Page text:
Although an accord of sorts was reached by finance ministers of the G20 at their meeting in Paris on Saturday, exchange rates and currency reserves, which are truly representative indicators of global economy imbalance, were blocked from inclusion by China. The deal is thus far less effective than it might have been.
According to Reuters, China insisted that actual exchange rates and currency reserves be omitted from the list of indicators that the G20 nations intend to use as a barometer of economic imbalances among nations. Christine Lagarde, France’s finance minister, insisted, however, that the G20 accord reached on Saturday was significant in determining a means of coordinating economic policies in the quest to ward off another financial crisis.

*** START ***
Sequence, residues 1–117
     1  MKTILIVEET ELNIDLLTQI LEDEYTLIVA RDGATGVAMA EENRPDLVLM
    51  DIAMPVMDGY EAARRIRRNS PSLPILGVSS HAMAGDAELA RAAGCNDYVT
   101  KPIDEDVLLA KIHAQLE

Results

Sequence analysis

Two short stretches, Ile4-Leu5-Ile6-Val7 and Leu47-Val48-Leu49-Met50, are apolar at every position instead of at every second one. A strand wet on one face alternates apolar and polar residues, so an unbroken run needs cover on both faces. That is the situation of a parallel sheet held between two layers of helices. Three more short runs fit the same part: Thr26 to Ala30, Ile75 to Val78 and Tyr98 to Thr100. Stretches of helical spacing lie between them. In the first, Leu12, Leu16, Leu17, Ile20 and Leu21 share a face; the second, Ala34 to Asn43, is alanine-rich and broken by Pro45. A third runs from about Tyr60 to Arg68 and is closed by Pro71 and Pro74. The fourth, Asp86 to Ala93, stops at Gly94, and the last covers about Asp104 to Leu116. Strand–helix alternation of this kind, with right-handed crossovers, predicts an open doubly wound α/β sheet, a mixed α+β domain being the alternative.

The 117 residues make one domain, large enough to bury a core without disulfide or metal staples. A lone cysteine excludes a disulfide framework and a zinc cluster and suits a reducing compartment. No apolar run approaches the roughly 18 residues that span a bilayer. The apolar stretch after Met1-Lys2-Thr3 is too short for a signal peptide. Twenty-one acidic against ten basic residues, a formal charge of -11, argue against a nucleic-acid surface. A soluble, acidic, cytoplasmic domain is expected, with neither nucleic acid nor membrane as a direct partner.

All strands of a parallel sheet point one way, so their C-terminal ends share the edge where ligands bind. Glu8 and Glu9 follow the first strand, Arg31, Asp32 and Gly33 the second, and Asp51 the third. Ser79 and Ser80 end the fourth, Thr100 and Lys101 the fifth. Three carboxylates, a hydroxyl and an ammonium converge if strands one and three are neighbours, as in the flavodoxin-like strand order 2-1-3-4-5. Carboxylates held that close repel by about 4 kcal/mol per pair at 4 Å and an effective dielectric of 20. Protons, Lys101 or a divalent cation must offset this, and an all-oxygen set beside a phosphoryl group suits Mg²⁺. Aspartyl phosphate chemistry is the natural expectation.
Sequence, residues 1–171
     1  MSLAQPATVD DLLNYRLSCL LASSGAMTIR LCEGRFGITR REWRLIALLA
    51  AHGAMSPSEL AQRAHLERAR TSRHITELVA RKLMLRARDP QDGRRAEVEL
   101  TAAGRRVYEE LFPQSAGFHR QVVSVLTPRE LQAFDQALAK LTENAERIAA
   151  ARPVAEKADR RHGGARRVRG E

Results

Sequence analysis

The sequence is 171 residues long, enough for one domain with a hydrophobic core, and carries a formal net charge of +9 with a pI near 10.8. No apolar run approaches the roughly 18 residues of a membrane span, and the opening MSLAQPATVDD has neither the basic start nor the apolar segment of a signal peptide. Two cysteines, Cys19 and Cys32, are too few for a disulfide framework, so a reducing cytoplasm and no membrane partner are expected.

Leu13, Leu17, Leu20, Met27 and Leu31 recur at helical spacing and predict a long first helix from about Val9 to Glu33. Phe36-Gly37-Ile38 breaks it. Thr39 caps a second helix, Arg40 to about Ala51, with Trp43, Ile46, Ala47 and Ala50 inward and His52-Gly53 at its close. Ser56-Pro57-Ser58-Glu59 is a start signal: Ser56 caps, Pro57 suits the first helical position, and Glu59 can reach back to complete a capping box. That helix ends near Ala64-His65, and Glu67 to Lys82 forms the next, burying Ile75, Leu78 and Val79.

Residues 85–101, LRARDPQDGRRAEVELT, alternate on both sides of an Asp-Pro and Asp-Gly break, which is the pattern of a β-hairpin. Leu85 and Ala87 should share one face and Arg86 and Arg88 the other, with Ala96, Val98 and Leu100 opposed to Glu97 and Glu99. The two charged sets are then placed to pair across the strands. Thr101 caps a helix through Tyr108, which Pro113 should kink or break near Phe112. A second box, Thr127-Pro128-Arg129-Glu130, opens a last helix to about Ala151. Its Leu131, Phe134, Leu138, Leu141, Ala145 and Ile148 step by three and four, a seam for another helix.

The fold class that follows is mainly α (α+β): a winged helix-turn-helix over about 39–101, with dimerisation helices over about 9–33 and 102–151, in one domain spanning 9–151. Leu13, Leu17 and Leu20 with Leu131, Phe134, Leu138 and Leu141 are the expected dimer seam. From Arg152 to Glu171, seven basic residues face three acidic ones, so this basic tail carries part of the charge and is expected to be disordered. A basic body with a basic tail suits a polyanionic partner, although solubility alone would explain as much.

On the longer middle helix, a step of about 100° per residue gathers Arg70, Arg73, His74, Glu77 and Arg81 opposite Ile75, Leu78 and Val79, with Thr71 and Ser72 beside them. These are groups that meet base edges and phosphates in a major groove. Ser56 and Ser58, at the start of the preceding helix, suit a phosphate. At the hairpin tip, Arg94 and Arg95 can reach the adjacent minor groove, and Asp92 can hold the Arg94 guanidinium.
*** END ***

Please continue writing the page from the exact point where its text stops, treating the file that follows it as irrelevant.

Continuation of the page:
At a news conference, Lagarde told reporters, “It wasn't simple. There were obviously divergent interests but we were able to reach a compromise on a text that seems to us to be both balanced and demanding in its implementation.” She also said that the indicators were not binding, but would be instrumental in drafting guidelines to coordinate economic policies and to an assessment process to be conducted by the countries.